off camera flash - the flash is not attached to your camera, but on a stand (usually multiple flashes) set up around the room and controlled by a remote.  Great for allowing more light on your subject so that there aren’t crazy shadows, but you have to be careful not to point your camera at the flash otherwise your image will be blown out.  

"But I don’t have the money for all that equipment.  What do I do?"

Renting is an option if you’re not ready to buy or you want to try something out before you make the big purchase.

A couple options:

PPR in Atlanta also rents equipment.

Buying equipment used is also an option to save some money.  

photo by Chloe Giancola Photography

photo by Chloe Giancola Photography

Memory Cards & Shooting

Learn how to shoot in manual and shoot in RAW.  RAW images allow for better editing capabilities because all the different levels can be manipulated if necessary.  Think of it like a 3D image as compared to a flat image.  JPEG pre-applies colors and is less desirable for editing.  JPEG is better if you are going to shoot and share immediately.  

Memory Cards - some photographers may ask you to shoot on your cards or they may have you shoot on their cards and just have you turn them over when the event is finished.  If you want to keep your photos for your portfolio, I would suggest bringing your computer along so that you can upload them immediately after the event in case you have to give the cards back.  Or, if your camera has dual memory card slots consider making a copy on the second as you shoot. 

I hope now you're ready to pack your camera bag and go shoot some amazing photos no matter what equipment you have! 

Part 3 comin' at ya soon! 

Happy Shooting,


How To: Be a Stellar Second Shooter | Part I

Dress like a photographer

First off, you might be asking, "What's a second shooter?".  A second shooter is what it sounds like.  It's an extra photographer who has been hired on by another photographer, or a "lead photographer."  This person is usually contracted out for weddings or other events so that there are multiple perspectives and extra photos taken.  The reason people second shoot is because it's a great way to gain experience and start building a portfolio, there's no editing required, and there's usually a little extra cash in your pocket.  Plus, it's fun to get to do what you're passionate about!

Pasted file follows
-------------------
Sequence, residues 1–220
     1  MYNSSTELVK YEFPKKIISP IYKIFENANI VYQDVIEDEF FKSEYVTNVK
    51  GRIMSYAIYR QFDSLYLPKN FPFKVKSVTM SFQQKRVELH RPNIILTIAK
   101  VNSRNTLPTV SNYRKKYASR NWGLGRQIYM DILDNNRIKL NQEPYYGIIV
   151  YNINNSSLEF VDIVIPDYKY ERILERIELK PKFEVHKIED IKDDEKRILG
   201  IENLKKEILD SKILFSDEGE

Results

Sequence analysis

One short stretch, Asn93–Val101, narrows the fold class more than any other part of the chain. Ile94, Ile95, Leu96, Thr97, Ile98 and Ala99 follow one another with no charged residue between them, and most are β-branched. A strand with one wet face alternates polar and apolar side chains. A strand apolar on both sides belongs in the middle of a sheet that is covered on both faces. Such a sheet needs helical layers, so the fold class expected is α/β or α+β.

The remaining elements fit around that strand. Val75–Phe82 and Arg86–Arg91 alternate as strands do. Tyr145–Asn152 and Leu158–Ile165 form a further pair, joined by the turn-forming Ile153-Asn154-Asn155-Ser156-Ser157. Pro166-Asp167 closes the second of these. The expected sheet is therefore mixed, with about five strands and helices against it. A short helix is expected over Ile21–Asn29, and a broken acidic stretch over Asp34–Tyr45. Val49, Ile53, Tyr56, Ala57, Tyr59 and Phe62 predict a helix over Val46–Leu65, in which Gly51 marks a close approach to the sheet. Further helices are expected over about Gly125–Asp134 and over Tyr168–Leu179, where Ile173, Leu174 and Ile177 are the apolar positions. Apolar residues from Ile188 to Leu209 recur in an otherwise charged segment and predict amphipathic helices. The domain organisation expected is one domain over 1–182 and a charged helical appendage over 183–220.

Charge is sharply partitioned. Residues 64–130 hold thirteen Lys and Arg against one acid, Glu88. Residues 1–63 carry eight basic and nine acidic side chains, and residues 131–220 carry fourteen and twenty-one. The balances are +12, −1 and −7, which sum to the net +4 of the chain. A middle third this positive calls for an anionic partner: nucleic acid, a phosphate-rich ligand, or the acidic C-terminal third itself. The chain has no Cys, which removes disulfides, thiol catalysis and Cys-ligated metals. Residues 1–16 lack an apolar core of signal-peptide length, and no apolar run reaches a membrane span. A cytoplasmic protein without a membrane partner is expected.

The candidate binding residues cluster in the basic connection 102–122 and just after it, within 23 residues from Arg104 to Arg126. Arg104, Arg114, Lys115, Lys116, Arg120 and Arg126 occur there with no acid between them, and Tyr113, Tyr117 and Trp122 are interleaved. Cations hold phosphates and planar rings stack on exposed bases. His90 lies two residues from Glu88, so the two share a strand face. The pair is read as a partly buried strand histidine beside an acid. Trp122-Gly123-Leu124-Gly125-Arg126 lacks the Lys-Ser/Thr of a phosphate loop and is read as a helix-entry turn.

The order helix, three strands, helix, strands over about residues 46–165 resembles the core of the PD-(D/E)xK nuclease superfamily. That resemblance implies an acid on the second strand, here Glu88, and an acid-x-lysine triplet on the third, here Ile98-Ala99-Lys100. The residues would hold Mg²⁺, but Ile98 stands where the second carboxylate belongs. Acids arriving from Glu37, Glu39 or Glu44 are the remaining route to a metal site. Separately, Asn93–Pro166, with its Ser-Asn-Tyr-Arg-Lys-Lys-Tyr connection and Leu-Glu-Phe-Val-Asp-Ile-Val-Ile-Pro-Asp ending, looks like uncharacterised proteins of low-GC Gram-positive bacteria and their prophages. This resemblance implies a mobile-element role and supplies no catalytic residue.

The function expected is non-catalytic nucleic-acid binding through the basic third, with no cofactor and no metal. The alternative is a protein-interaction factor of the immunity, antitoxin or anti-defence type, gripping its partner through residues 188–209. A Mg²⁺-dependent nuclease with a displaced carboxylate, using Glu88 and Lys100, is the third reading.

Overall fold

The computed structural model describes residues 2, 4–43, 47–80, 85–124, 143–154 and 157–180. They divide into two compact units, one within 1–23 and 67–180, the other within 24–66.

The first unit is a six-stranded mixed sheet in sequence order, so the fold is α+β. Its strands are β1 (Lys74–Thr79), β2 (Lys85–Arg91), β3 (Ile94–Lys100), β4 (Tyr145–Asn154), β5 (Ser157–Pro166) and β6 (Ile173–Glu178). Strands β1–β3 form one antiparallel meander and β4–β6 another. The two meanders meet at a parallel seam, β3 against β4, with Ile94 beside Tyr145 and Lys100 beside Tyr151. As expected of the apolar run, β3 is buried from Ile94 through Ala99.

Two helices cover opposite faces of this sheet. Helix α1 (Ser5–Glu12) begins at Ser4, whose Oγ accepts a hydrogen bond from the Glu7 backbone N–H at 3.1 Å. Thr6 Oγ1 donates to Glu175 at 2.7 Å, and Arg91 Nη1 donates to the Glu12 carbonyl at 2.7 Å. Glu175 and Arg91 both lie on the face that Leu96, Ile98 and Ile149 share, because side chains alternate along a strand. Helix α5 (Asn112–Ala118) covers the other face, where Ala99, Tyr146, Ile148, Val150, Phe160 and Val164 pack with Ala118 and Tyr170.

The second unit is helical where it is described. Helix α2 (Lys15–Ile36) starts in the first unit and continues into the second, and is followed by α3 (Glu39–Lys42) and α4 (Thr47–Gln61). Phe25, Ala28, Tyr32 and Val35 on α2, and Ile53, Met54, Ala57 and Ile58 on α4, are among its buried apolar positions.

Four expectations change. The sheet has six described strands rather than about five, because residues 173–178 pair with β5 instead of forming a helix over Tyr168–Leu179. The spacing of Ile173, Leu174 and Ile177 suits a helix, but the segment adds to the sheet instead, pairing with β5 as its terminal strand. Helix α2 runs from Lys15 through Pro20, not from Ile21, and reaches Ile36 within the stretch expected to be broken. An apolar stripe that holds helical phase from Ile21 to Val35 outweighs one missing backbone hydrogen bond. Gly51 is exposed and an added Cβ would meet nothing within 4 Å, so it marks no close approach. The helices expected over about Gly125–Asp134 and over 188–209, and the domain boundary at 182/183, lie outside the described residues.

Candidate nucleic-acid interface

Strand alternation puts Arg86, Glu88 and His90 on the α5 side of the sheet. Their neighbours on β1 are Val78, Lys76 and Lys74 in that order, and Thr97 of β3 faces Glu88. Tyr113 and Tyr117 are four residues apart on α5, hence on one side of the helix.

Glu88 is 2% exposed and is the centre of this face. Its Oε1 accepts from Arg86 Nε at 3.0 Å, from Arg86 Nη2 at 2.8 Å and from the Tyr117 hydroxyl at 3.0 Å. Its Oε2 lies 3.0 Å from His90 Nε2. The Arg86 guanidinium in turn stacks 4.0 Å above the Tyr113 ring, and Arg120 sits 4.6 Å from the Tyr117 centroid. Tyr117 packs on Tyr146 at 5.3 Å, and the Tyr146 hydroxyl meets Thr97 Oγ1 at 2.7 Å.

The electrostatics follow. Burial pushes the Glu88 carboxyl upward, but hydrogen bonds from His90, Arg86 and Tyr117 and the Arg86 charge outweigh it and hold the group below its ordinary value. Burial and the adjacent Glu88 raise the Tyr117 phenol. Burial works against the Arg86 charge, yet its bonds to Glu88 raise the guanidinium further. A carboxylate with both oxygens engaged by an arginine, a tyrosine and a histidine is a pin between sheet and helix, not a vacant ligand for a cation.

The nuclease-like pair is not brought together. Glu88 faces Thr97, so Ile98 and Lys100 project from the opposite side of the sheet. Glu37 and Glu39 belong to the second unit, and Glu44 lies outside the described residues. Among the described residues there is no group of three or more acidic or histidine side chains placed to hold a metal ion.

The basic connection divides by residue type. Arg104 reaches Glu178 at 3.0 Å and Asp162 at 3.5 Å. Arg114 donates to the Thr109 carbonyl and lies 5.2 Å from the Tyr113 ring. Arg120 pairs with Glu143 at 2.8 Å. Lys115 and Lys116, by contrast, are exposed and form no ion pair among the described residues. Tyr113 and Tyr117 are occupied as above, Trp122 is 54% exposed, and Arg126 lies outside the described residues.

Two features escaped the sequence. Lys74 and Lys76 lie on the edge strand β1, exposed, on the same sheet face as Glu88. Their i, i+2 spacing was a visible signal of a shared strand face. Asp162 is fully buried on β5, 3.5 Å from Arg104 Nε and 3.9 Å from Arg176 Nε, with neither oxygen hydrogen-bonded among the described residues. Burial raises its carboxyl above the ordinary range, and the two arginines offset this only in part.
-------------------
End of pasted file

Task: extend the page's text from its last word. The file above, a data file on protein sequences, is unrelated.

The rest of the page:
I started learning about wedding photography as a second shooter, and still do second shooting on occasions when I can because that means I get to hang with all my photog friends doing what we love to do together :)  

Everyone starts somewhere and I'm thankful for all the lovely ladies who let me follow them around and ask them questions.  There are some things I think I did well as a second shooter and some things I think I probably could've done better.  Now, being on the other side and hiring people to second shoot, I see so much more the reasoning behind why we do what we do or why the lead photographer has certain requests, restrictions, or requirements.  

In this little series of blog posts, I hope to give a few pointers to anyone who is looking to get into wedding photography and how to get there.  Please feel free to shoot me questions, give me suggestions on what you think future posts should be, or even let me know if I left anything out. 

Thanks for reading!

left: by second shooter, Danielle Hulsey; right: by lead photographer, Holly Von Lanken

left: by second shooter, Danielle Hulsey; right: by lead photographer, Holly Von Lanken

For this first installment of, "How To: Be a Stellar Second Shooter", we're going to talk about clothes - that's right ladies, fashion.  It's a fun topic so why not start there?  If you're going to be a photographer, look the part :)


They need to be COMFORTABLE.  That's the key word here, people.  As a photographer, you are on your feet for 8+ hours on a wedding day.  You need to make sure your feet won't be killing you by the time it's all over.  Unless you are superwoman, I wouldn't suggest wearing heels. 

left: tieks ; right: TOMS

left: tieks ; right: TOMS

There are plenty of other shoes out there and you may already have your favorite pair, but here are a couple suggestions from me: Tieks & TOMS. 


Why the color black you might ask? 

1. It looks professional.

2. It hides sweat on those hot summer days ;)

3. It helps you blend in with the other guests, the background, etc.

The scientific reason...

4. It won't reflect any weird light on your image because black absorbs all light.  

Not every photographer will require that you wear all black, but when in doubt, it's not a bad idea.

left: Me! by Chloe Giancola; right: photo for Chloe Giancola by me.

left: Me! by Chloe Giancola; right: photo for Chloe Giancola by me.

Nice, but comfortable.

It's a long day.  Wear something that you'll be comfortable in.  However, you are photographing a wedding, which is a nice event.  You want to blend in with the guests and protect the integrity of the event.

GOOD: Dress pants or skirt + blouse, dress, etc. (for the ladies); dress pants + button down shirt, potential for a tie (for the gents)

Personally, I love a good cotton dress, but you need to look like you so throw in your own personal touches like a scarf or belt.

BAD: shorts & jeans

Now that you look like a photographer, you'll need some gear... 

until next time,


love my second shooter, brides & grooms!

love my second shooter, brides & grooms!